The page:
Dose / conc.:
5 mg/kg bw/day
Dose / conc.:
20 mg/kg bw/day
Dose / conc.:
80 mg/kg bw/day
Dose / conc.:
320 mg/kg bw/day
No. of animals per sex per dose:
30
Control animals:
yes, concurrent vehicle
Details on study design:
- Dose selection rationale: Dose levels of 5, 20, 80, and 320 mg/kg/day of the test substance were selected based on results from a one generation reproductive toxicity study in rats and a 90-day oral gavage subchronic toxicity study in rats and in consultation with the sponsor.

Assignement to Groups
1. P1 Generation
Animals of each sex were selected for use on study based on adequate body weight gain and freedom from any clinical signs of disease or injury. They were distributed by computerized, stratified randomization into study groups as designated in the Study Design.
The body weights of the animals were checked on test day 1 to ensure the mean body weights of the test groups were not statistically significantly different from control.
Animals that were not assigned to a test group were released for other laboratory purposes or sacrificed by carbon dioxide asphyxiation while under isoflurane anesthesia and discarded without anatomic pathology evaluation.
2. F1 Generation
On PND 21, offspring in the F1 litters of each treatment level were selected (one animal/sex/litter, when possible) to serve as parents for the F2 generation. For groups without sufficient litters and at the discretion of the study director, additional pups were chosen from randomly selected litters within the group to achieve the required group size. Selection of animals within litters was random.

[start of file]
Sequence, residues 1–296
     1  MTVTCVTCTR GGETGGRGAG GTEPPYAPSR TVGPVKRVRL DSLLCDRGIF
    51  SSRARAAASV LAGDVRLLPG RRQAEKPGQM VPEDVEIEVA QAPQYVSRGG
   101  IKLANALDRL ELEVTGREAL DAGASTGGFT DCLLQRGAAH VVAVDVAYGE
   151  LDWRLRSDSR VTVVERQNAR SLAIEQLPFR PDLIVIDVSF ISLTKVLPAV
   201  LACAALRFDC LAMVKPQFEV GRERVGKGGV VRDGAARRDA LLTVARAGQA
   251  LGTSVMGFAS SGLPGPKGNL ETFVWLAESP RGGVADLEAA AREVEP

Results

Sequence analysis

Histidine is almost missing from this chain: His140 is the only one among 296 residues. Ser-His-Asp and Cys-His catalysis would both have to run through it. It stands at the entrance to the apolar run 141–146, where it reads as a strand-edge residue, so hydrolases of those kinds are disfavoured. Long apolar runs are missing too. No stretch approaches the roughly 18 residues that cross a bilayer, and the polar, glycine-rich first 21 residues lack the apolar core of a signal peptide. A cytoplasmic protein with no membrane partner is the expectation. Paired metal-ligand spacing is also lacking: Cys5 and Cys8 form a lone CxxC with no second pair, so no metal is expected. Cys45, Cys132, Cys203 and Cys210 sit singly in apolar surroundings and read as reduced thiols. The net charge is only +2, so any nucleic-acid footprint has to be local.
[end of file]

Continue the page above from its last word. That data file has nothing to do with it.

Examinations

Parental animals: Observations and examinations:
CAGE SIDE OBSERVATIONS: Yes
- Time schedule: Twice daily to detect moribund or dead animals.
At least once daily and at least 2 hours post-dosing to detect acute clinical signsof systemic toxicity.

DETAILED CLINICAL OBSERVATIONS: Yes
- Time schedule: Once in a week

BODY WEIGHT: Yes
- Time schedule for examinations: Once in a week and at sacrifice
P1 and F1 females were weighed on days 0, 7, 14, and 20 during the gestation period and days 0, 7, 14, and 21 during the lactation period.

Food Consumption and Food Efficiency
Individual food consumption was determined weekly for all P1 and F1 animals throughout the period, except during cohabitation, ending at test day 71.
Individual food consumption of presumed pregnant P1 and F1 females was recorded on gestation days (GD) 0, 7, 14, and 20 and on lactation days (LD) 0, 7, and 14. Food consumption was not measured for females without evidence of copulation or for males.

Developmental Landmarks - F1 Generation
1. Vaginal Patency
F1 female animals designated for mating were examined for vaginal patency once daily beginning on PND 21 until achievement or PND 43, whichever came first. Body weight was recorded on the day of achievement.
2. Preputial Separation
F1 male animals designated for mating were examined for preputial separation beginning on PND 35 until achievement or PND 55, whichever came first. Body weight was recorded on the day of achievement.
3. Anogenital Distance
Anogenital distance was not recorded in F2 pups on day 0 postpartum since treatment-related effects were not noted on sex ratio and/or sexual maturation of F1 pups.
Estrous cyclicity (parental animals):
Vaginal lavage samples were collected daily from all surviving adult P1 and F1 female rats in order to determine the stage of the estrous cycle. Vaginal lavage samples were collected beginning 3 weeks prior to the start of cohabitation and continuing until copulation was confirmed or the cohabitation period had ended. The vaginal lavage sample collected on the day copulation was confirmed was not used for estrous cycle evaluation. Vaginal lavage samples were examined microscopically for determination of the stage of the estrous cycle (diestrus, estrus, proestrus).